51. 51.

    Raphael Minder: “Portugal Turns to Former Colony for Growth”. In New York Times, 13.07.2010.

  52. 52.

    Público: “Remessas dos portugueses a trabalhar nos PALOP subiram 13.6% para 316 milhões”, 24.03.2014. https://www.publico.pt/2014/03/24/economia/noticia/remessas-dos-portugueses-a-trabalhar-nos-palop-subiram-136-para-316-milhoes-1629528. Accessed 4 July 2023.

  53. 53.

    AICEP Portugal Global, Angola - Ficha de Mercado (2009, 2014).

  54. 54.

    Ibid.

  55. 55.

    See, for instance, Costa et al. (2015).

  56. 56.

    Norimitsu Onishi: “Portugal Dominated Angola for Centuries. Now the Roles Are Reversed”. In New York Times, 22.08.2017, https://www.nytimes.com/2017/08/22/world/europe/angola-portugal-money-laundering.html. Accessed 4 July 2023.

  57. 57.

    Luís Villalobos: “Angola já pagou 176 milhões de euros de dívidas a empresas portuguesas”. In Público, 7.03.2019, https://www.publico.pt/2019/03/07/economia/noticia/angola-ja-pagou-176-milhoes-euros-dividas-empresas-portuguesas-1864561. Accessed 4 July 2023.

  58. 58.

    By December 2021, Portugal had already sent more than 1.8 million vaccine doses to Angola.

  59. 59.

    See Thorhallsson and Steinsson (2019, p. 25).

  60. 60.

    See, for instance, Alexandre (2003), Pinto and Bandeira Jerónimo (2015).

  61. 61.

    The number of white inhabitants in Angola went from 40,000 in 1940 to 173,000 in 1960. See Alexandre (2003, p. 76).

  62. 62.

    Castelo (2011).

  63. 63.

    Pinto and Teixeira (2002).

  64. 64.

    Teixeira (2003, pp. 113–118).

  65. 65.

    See MacQueen (2003a), Pinto and Bandeira Jerónimo (2015, p. 110), Reis and Oliveira (2018).

  66. 66.

    Reis and Oliveira (2018, pp. 633, 638).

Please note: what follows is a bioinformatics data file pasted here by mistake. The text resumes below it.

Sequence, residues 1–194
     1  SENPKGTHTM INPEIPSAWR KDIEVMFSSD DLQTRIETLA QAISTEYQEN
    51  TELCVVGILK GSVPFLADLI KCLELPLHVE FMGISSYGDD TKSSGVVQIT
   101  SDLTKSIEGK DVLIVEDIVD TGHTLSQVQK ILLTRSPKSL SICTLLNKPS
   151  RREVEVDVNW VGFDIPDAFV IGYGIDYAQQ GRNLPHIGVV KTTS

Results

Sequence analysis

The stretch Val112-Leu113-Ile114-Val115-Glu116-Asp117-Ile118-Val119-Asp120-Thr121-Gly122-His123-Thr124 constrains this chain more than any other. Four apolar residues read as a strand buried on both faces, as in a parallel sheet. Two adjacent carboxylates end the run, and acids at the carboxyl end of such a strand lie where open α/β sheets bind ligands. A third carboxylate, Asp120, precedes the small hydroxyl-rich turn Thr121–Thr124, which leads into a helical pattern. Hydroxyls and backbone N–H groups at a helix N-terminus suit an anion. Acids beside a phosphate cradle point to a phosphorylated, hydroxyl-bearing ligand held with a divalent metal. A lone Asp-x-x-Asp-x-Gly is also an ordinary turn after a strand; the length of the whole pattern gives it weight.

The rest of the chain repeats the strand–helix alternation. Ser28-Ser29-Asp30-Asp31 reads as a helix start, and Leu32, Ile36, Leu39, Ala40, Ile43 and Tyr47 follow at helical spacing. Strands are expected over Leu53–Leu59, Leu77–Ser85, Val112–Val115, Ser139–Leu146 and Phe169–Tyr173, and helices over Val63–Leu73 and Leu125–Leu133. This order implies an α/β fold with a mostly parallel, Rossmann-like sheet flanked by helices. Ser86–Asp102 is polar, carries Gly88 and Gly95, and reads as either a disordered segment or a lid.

67. 67.

    Pinto and Bandeira Jerónimo (2015, p. 111).

  68. 68.

    In 2010, there were around 150,000 to 200,000 Africans living in Portugal, but their visibility was limited (except in domains such as sports or popular culture) and they suffered from social exclusion, thus exposing the limits of Lusotropicalism. See Eaton (2003), Buettner (2016), Vines (2012, p. 380).

  69. 69.

    See, for instance, Carvalho (2019).

  70. 70.

    See Vines (2012), Raimundo (2014, 2020).

  71. 71.

    Sá (2015, p. 58), Zúquete (2013, p. 213).

  72. 72.

    See Ashby (2017), Zúquete (2013, p. 222), Reis and Oliveira (2018, pp. 647–648).

  73. 73.

    Buettner (2016, pp. 489–490).

  74. 74.

    See Figueiras (2021).

  75. 75.

    See Raimundo et al. (2021).

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Acknowledgements

The author would like to thank Pedro Seabra who commented on an earlier draft of this chapter. This work was supported by the Fundação para a Ciência e a Tecnologia (FCT) under Grant UIDB/CPO/00758/2020 and Grant SFRH/BPD/99579/2014.

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Raimundo, A. (2023). Portugal’s Contemporary Relations with Africa: A Limited Shelter?. In: Cunha, A., Thorhallsson, B. (eds) Small States and Big Powers. The World of Small States, vol 10. Springer, Cham. https://doi.org/10.1007/978-3-031-42345-1_7